From The Inbox

Raleigh club takes proactive approach to coronavirus

On-course actions help golfers deal with pandemic while enjoying their game, and that’s nothing to be laughing at, guys

Golf is, in many ways, the perfect pandemic sport. Players are able to “socially distance” themselves with ease; they play with their own equipment and use their own balls.

But there are some steps that need to be taken to maximize safety.

The Country Club at Wakefield Plantation, my club in Raleigh, N.C., has done a great job of thinking through its operation from top to bottom so it can stay open as a community resource during this challenging time. Some of the steps that the club – and the other 13 properties within the McConnell Golf network in the Carolinas and Tennessee – have taken provoked laughter from the more cynical members, but most of us really appreciate what is being done. Here are some examples:

  • removed all rakes from sand traps and bunkers, because multiple hands would touch them; we have a “lift, clean and place” rule now for bunkers;
  • asked all golfers to leave flagsticks in the holes, to limit multiple touching;
  • removed water coolers and replaced them with water bottles available straight out of the package;
  • closed ball washers;
  • encouraged golfers to grab their own towels upon starting, but they are not placed in carts;
  • carts are sterilized twice a day, and golfers are encouraged to wipe them down with their own wipes. The club has a generous supply of wipes available, along with new hand-sanitizer stations;
  • eliminated shotgun starts for larger events and tournaments;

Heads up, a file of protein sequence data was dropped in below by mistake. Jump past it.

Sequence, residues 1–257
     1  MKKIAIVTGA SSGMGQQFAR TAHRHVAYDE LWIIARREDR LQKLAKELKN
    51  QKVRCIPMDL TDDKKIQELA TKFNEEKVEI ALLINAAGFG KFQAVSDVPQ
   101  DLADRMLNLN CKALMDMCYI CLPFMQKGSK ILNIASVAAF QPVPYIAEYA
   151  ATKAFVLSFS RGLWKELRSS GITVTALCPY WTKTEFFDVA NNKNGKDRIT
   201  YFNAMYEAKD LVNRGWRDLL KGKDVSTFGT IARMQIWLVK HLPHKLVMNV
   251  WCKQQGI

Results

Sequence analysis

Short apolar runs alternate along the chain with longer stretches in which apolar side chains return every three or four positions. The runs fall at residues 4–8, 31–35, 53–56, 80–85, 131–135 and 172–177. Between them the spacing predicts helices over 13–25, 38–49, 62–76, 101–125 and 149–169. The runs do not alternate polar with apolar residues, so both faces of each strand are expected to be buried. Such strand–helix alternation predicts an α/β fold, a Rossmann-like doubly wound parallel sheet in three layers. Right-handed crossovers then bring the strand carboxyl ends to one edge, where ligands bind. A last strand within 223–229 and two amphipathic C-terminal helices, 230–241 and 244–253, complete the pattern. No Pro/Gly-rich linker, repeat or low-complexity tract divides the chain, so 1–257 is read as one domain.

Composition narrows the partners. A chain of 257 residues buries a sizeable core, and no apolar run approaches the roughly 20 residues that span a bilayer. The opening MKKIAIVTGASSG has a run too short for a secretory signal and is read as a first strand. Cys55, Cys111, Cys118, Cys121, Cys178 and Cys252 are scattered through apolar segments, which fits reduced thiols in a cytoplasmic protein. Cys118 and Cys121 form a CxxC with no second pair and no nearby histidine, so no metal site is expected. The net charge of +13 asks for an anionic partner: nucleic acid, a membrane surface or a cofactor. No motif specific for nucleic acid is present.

• strongly advised members that anyone who does not feel well should stay home until he is well;
  • in my large group of senior golfers, we have replaced the traditional handshake at the end of a round with an elbow bump.

There are many other seemingly small steps taken that collectively have a big impact. On Saturday, which was a nice day, with no live sports on TV, our course was packed with appreciative golfers.

I hope more clubs will follow this exemplary model.

Ken Bass
Raleigh, N.C.

Unanswered questions as the weather breaks
Here in Minnesota, we are extensively shut down by state government – schools, bars, restaurants, recreation centers, you name it, plus golf courses and country clubs. A background in clinical laboratory work tells me that this is the right thing to do. Slowing the spread of coronavirus hopefully will prevent health-care facilities from being overwhelmed by a sudden influx of cases.

But back to the golf courses. It is not clear yet what this order means as golf courses here are not yet open, although some normally would open in the next week or two as snow in the Twin Cities is mostly gone. We’re not too concerned with temperatures. Food and beverage sales are probably out, but will they be able to collect green fees?

Golf is the ultimate social-distancing sport. Played in a large, open-air environment, with no need to be anywhere near fellow competitors. (With some of the characters with whom I play, this is always wise.) Bunker rakes are the only communal item that a player might need to touch, so perhaps bring your own. No partner in your cart. It would seem to be a great break from isolation.

So, here we are. Will the clubhouse be closed except for green fees, or totally? If it is locked, will someone come out and tell you that you can’t play if you try to tee off? Because officials have a lot on their minds right now, this isn’t clear. I hope that last scenario isn’t the case.

But what really matters are all the seasonal workers. In Minnesota, many are students and retirees who depend on that seasonal gig. If similar events occur in states with year-round golf weather, full-time workers could lose their jobs. The negative financial impact is likely to be great and long-lasting.

It’s dangerous out there, so try to support the people losing their jobs and income who likely have no cushion or fallback position.

And try not to breathe.

Blaine Walker
St. Paul, Minn.

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